MRC leads the way in implementing adaptive trial methodology into UK clinical trials landscape.
27 Sep 2018
A landmark study, part-funded by the MRC, may herald a quicker, more tailored treatment for people living with tuberculosis.
26 Sep 2018
Scientists delivered the first treatment in the UK using a MR Linac machine
25 Sep 2018
Scientists discovered a vicious feedback loop underlying brain degeneration.
20 Sep 2018
Medical research delivers benefits across the whole spectrum of society, from its primary aim of improving human health to creating a skilled workforce, growing innovative businesses and generating inward investment for the UK. Here is a small selection of the Medical Research Council's successes, both recent and historic.
[The MRC in numbers’ figures are cumulative from 2006 to 2016. The ‘UK medical research funding’ figures are adapted from UKCRC (2015) UK Health Research Analysis 2014. ISBN: 978-0-903730-20-4]
The MRC in numbers
Understanding Alzheimer’s genetics
Discovering tomorrow's antibiotics
Pioneering a new class of drugs
Nobel Prize-winner Sir Greg Winter pioneered the first humanised therapeutic antibodies. By collaborating with pharmaceutical companies, a new class of drugs now exists for millions of patients worldwide suffering from rheumatoid arthritis and other conditions. Read more about working with industry.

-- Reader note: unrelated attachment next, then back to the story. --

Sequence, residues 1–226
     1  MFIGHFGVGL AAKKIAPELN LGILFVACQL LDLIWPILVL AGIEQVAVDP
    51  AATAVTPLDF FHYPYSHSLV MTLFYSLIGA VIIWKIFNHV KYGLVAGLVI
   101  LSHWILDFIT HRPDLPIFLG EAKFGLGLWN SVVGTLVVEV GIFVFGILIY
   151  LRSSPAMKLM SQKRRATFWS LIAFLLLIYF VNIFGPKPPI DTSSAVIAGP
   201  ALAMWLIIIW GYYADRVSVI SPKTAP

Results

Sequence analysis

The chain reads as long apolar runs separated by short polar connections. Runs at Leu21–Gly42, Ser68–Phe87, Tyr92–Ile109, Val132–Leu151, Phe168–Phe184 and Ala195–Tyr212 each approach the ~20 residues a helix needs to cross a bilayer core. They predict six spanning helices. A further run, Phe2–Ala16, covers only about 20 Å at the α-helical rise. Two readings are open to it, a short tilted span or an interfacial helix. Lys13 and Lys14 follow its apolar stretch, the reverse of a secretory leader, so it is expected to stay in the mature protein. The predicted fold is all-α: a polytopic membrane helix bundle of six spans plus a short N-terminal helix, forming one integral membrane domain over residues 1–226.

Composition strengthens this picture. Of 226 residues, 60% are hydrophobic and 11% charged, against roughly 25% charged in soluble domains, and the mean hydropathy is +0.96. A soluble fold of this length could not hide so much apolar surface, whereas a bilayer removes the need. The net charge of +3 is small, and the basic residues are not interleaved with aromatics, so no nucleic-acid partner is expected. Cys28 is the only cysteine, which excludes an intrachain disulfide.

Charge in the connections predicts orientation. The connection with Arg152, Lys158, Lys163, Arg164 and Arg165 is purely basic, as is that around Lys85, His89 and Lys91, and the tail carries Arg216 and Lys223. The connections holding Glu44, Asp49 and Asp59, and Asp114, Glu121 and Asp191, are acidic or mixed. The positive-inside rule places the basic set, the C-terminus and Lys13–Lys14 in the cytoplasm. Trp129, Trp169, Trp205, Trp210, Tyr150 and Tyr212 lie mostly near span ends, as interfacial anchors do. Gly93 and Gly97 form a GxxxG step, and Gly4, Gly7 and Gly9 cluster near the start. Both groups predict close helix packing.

Discovery for medicine
Portable DNA sequencing technology
Based on decades of discovery research funded by the MRC, spin-out company Oxford Nanopore launched a USB-sized DNA sequencing technology. Genome sequencing has revolutionised disease outbreak monitoring and has huge potential in personalised medicine.
NHS genomic medicine service
The 100,000 Genomes Project has successfully reached its sequencing goal. The project aims to create a new service to deliver care that’s personalised to the genetics of the patient. It has already helped one in four participants with rare diseases receive a diagnosis.
Growing kidney-like tissue
Scientists have grown human kidney-like tissue which is able to produce urine, as normal kidneys do, when transplanted into mice. They used human embryonic stem cells to create filtering parts of the kidney in a laboratory, a significant step towards new treatments for kidney failure.
Informing breast cancer treatment
A blood test detecting DNA shed by cancer cells could tell whether the breast cancer drug palbociclib is working, months earlier than standard tests. Women currently wait up to three months for scan results to see if the drug is working.
Bloodless diabetes testing
Scientists have created a skin patch that can measure blood glucose levels through the skin, without the finger-prick tests used daily by millions of diabetics. The patch senses blood sugar levels by pulling glucose from fluid between cells.
Pioneering UK cancer treatment
The first patient in the UK received prostate cancer treatment using a new technology combining MRI and radiotherapy. By adjusting radiation beams in real time, it lowers the risk of damaging healthy tissues, reducing side-effects for patients.